The “Nigerian prince scam” that Schwartz referred to is a popular version of the ancient “Spanish prisoner swindle,” both advance-fee scams, which involve scammers approaching recipients and convincing them to send money in order to retrieve an even larger sum of money, which of course, is never retrieved or returned. According to CNBC, the “Nigerian prince scam” still yields over $700,000 for scammers annually.
Schwartz said scammers across oceans can be successful in taking locals’ money because they have done their research. He said they likely understand that the valley is a housing hotspot and know people may be willing to go to further odds for what they think will be their future housing.
Similarly, with a little extra effort, Schwartz explained how scammers make their listings seem more believable.
“Typically, the person renting out the apartment fraudulently will take over somebody else’s post, or they’ll get pictures from Zillow so it adds a level of legitimacy to it,” Schwartz said. “They’ll pull maps and pictures and things like that. It’s all stuff that’s available on the internet.”
With the large sums of money rental scammers are dealing with, Schwartz said even one potential renter taking the bait after publishing hundreds of ads can end up being worth the effort for the accomplishment of defrauding somebody.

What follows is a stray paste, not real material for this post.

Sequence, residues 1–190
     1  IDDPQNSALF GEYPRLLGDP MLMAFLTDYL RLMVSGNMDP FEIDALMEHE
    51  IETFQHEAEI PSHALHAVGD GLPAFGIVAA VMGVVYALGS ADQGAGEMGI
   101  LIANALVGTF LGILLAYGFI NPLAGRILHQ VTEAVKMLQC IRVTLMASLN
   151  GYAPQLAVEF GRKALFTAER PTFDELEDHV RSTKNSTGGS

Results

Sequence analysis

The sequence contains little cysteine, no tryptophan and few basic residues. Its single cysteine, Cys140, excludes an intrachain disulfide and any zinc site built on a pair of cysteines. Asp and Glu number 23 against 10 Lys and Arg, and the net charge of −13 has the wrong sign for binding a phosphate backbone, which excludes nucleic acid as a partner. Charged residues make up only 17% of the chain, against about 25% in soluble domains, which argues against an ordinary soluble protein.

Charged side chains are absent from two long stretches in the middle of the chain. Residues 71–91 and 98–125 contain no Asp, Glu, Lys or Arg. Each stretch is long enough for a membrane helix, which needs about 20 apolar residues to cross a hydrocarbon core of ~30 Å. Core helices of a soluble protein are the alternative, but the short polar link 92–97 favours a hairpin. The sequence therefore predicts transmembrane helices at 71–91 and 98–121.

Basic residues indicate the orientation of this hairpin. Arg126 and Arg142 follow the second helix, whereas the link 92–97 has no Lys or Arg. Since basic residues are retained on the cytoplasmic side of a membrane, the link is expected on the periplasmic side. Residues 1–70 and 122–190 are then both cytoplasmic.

Despite the fact that they are typically difficult to catch, scammers are not impossible to identify. Schwartz said the Vail Police Department has successfully solved a couple of scammer cases. Without the scammers living locally, however, he explained that the consequences are elusive.
“I was able to write an arrest warrant and had probable cause to write an arrest warrant for a girl who was doing this out of Texas,” Schwartz said. “Whether or not she’ll be arrested and brought back here to Colorado, that’s very unlikely and even if she is arrested, getting the money back is also very unlikely.”
Victims of scams can attempt to get reimbursed for the money they lost through the restitution process in the courts, however, Schwartz said total reimbursement is uncommon.
“I think something that some of these tenants need to keep in mind is that with fraud, the chance of getting the money back is very slim, even if we’re able to determine who the offender is,” Schwartz said.
Reporting a rental scam
If those searching for rental properties encounter listings with multiple red flags for scam potential, Schwartz said reporting the listing to law enforcement is often a good idea.
He also suggested people report the email addresses of scammers to the FBI-operated collection database for fraudulent activity.
“Their analysts collect and evaluate all this data and that’s how the FBI is able to try and track some of the stuff on a more international level,” Schwartz said.
The database can be accessed at www.ic3.gov. To reach the Vail Police Department, call 970-479-2201.